Rafael Lozano-Hemmer Voice Array
September 6 – October 20, 2012
bitforms gallery is pleased to announce its fourth solo exhibition with Mexican-Canadian artist Rafael Lozano-Hemmer. The exhibition features the United States premiere of two projects: Voice Array, a participatory environment that debuted last Fall in Sydney, Australia, at the Museum of Contemporary Art; and Last Breath, which was part of the 11th Bienal de la Habana. Concurrent with the New York exhibition, on September 20, Lozano-Hemmer will also unveil Open Air, a new commission by the Association for Public Art in Philadelphia.
Since his emergence in the 1990s, Lozano-Hemmer has mixed the disparate fields of digital media, robotics, medical science, performance art, and lived experience into interactive artworks. Probably best known for his large-scale “Antimonuments”, which challenge traditional notions of site-specificity, he focuses on the idea of creating relationship-specific work through connective interfaces. Often employing vanguard technologies, many of his projects utilize robotics, custom software, projections, internet links, cell phones, sensors, LEDs, cameras, and tracking systems.
The communal spaces that Lozano-Hemmer creates are an experiment in public authorship. Technology in his work activates seamless “encounters of art, self and the kinetic force of collective memory,” writes Claudia Arozqueta (Artforum.com, Jan 2012). As a conductor of this experience, he seduces the audience into participation, using tactile sensation, repetition and the simulated presence of an individual.
At the gallery entrance, Last Breath is a robotic installation that stores and circulates the breath of a person forever, between a bellows and a brown paper bag. The apparatus is automatically activated 10,000 times per day, the typical respiratory frequency for an adult at rest. With each breath the piece generates quiet sounds from the bellows, the motor and the crackling of the paper bag. The piece also sighs 158 times a day. For the exhibition in New York, the piece is a biometric portrait of Cuban singer Omara Portuondo. A short video of her recording her breath into the device is shown on a small screen mounted to the wall.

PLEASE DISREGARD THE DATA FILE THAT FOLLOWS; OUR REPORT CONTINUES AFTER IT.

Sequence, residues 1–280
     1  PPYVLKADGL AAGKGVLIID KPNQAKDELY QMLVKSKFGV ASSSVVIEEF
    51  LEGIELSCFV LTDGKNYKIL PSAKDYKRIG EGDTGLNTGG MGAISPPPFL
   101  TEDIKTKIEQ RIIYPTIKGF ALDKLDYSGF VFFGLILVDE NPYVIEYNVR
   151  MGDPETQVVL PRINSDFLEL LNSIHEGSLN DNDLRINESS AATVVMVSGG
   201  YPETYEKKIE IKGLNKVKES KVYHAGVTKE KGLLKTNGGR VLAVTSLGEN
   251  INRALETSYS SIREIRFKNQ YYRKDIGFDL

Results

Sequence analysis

Filling the gallery’s far wall, Voice Array is a construction for vocal improvisation that uses blinking LEDs and a customized intercom system of audio playback and recording. Capturing hundreds of voices and translating each one into a series of light flashes, the piece stores a unique pattern as a loop in the first light of the array, until the next participant speaks into the intercom. Each new recording is pushed along its long horizontal band of LEDs, as sounds of the voices gradually accumulate. When the first voice reaches the other side of the piece, the participant’s phrase is once again released as sound, punctuated by the staggering pulsation of all the lights in tandem. The ever-changing voices stored by the piece play back through a directional speaker, during moments of less activity.